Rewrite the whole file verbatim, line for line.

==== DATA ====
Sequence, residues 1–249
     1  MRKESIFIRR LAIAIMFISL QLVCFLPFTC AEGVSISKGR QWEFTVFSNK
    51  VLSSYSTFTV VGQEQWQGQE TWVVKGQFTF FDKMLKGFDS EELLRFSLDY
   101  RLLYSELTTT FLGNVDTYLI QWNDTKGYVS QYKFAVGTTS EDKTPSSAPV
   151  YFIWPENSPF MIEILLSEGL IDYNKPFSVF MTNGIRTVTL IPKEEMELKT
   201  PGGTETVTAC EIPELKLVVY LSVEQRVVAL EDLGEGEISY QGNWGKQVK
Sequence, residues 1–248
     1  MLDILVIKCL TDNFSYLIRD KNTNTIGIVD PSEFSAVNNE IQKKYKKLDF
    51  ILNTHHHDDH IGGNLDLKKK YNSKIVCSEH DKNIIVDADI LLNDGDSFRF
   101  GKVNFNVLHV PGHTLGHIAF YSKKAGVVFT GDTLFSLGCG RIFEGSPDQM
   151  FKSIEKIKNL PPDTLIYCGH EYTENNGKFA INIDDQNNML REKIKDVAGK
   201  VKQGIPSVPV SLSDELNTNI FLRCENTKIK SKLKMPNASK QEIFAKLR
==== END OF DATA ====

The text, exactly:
Sequence, residues 1–249
     1  MRKESIFIRR LAIAIMFISL QLVCFLPFTC AEGVSISKGR QWEFTVFSNK
    51  VLSSYSTFTV VGQEQWQGQE TWVVKGQFTF FDKMLKGFDS EELLRFSLDY
   101  RLLYSELTTT FLGNVDTYLI QWNDTKGYVS QYKFAVGTTS EDKTPSSAPV
   151  YFIWPENSPF MIEILLSEGL IDYNKPFSVF MTNGIRTVTL IPKEEMELKT
   201  PGGTETVTAC EIPELKLVVY LSVEQRVVAL EDLGEGEISY QGNWGKQVK
Sequence, residues 1–248
     1  MLDILVIKCL TDNFSYLIRD KNTNTIGIVD PSEFSAVNNE IQKKYKKLDF
    51  ILNTHHHDDH IGGNLDLKKK YNSKIVCSEH DKNIIVDADI LLNDGDSFRF
   101  GKVNFNVLHV PGHTLGHIAF YSKKAGVVFT GDTLFSLGCG RIFEGSPDQM
   151  FKSIEKIKNL PPDTLIYCGH EYTENNGKFA INIDDQNNML REKIKDVAGK
   201  VKQGIPSVPV SLSDELNTNI FLRCENTKIK SKLKMPNASK QEIFAKLR